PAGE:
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Those Jobs Numbers Did Look Too Good To Be True

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So, a couple of states—a big one and a small one, to be precise—screwed up a little in reporting unemployment claims to Washington. No big deal, right?

The jobless claims report initially shocked traders at a time of heightened sensitivity to labor-market gauges, which will play a key role in the Federal Reserve's decision next week about whether to adjust its bond-buying program.

"At first, your initial reaction was, of course, 'holy [expletive].' It was a very good number," said Dan Greenhaus, chief global strategist at BTIG LLC.

Some automated trading occurs in markets—without human involvement—the instant economic reports such as jobless claims are released.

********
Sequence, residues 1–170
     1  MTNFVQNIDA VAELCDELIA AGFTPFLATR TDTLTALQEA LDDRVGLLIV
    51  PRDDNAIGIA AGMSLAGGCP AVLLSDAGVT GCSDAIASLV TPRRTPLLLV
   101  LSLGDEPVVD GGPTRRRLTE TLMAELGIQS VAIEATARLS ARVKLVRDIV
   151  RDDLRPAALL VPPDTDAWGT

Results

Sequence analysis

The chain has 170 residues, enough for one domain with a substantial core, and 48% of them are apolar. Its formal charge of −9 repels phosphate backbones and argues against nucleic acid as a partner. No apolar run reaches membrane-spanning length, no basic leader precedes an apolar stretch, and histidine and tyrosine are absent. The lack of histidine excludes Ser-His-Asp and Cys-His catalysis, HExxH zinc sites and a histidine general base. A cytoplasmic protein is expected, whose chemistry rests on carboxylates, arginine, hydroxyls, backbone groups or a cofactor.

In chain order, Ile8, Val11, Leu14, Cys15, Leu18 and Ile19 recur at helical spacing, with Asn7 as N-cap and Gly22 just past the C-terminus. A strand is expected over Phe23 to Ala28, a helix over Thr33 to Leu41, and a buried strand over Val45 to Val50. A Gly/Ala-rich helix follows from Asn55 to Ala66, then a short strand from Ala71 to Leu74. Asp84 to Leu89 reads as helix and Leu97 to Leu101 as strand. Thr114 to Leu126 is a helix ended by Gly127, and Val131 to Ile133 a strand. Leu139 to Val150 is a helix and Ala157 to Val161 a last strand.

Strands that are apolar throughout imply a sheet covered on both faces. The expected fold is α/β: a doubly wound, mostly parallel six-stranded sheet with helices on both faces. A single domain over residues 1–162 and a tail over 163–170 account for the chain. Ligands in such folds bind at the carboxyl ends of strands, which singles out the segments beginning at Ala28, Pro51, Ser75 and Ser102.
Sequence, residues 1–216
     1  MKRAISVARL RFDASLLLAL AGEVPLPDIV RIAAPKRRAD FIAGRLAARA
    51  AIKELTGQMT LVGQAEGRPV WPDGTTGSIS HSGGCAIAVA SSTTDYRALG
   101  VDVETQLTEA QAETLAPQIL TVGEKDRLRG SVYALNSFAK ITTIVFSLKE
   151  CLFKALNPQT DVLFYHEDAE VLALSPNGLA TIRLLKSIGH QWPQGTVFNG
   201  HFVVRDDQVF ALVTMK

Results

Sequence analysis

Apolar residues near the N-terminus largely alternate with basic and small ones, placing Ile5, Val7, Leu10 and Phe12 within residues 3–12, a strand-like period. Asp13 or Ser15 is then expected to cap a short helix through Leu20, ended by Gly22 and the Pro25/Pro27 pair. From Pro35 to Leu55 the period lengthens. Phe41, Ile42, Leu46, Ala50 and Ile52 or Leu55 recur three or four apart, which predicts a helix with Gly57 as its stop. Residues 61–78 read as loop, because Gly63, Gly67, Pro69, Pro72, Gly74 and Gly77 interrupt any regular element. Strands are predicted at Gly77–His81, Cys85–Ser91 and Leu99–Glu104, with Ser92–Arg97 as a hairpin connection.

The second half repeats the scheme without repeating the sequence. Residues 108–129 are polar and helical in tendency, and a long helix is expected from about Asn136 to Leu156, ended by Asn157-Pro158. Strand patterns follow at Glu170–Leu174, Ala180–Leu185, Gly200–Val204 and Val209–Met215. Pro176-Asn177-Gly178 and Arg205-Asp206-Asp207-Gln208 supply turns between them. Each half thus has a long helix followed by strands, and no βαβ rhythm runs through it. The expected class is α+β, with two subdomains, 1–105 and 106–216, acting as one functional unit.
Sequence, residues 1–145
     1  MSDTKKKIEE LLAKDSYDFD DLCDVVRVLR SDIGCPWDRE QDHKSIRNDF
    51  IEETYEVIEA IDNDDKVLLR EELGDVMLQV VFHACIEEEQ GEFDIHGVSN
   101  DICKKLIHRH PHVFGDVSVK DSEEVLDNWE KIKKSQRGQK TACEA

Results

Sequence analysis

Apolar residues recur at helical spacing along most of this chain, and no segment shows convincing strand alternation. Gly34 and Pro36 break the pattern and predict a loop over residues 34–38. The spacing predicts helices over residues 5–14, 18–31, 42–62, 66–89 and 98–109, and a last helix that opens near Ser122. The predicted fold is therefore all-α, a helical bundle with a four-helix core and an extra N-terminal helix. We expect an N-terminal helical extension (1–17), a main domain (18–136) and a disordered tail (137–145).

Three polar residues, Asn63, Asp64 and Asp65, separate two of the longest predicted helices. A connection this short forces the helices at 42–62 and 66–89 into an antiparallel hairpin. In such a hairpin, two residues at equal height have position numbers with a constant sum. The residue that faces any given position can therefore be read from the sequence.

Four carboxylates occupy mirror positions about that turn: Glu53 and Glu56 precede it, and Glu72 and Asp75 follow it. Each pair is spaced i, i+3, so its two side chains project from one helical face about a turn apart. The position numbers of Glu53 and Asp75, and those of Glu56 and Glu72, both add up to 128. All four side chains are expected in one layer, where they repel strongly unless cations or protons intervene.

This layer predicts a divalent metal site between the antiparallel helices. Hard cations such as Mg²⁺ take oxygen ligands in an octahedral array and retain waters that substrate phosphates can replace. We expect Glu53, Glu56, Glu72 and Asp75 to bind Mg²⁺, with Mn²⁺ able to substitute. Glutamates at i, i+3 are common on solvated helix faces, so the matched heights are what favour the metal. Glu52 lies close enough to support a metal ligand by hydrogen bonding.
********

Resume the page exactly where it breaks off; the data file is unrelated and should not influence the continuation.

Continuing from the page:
In spite of all that, though, no, it wasn't a big deal.

Thursday's report appeared to have a negligible impact on markets after traders saw within seconds—from news headlines after the release—that the figures were faulty, Mr. Greenhaus said.

But it was a close-run thing for a few seconds. Who's to blame?

A Labor Department analyst said two states failed to report all of their claims as they transitioned to new computer systems. As a result, applications either weren't received or didn't get processed.

"A couple of states were doing computer-system conversions, and that resulted in fewer claims being reported," the analyst said. "That played a part—probably the majority of the reason—why the claims [went] in the direction they did this morning…."

"Just when you thought it was safe to pay attention again, the claims data are distorted again," said Stephen Stanley, chief economist at Pierpont Securities.

"This time," he added, "the culprit is bureaucratic ineptitude."

Reporting Anomaly Drives Plunge in Jobless Claims [WSJ]


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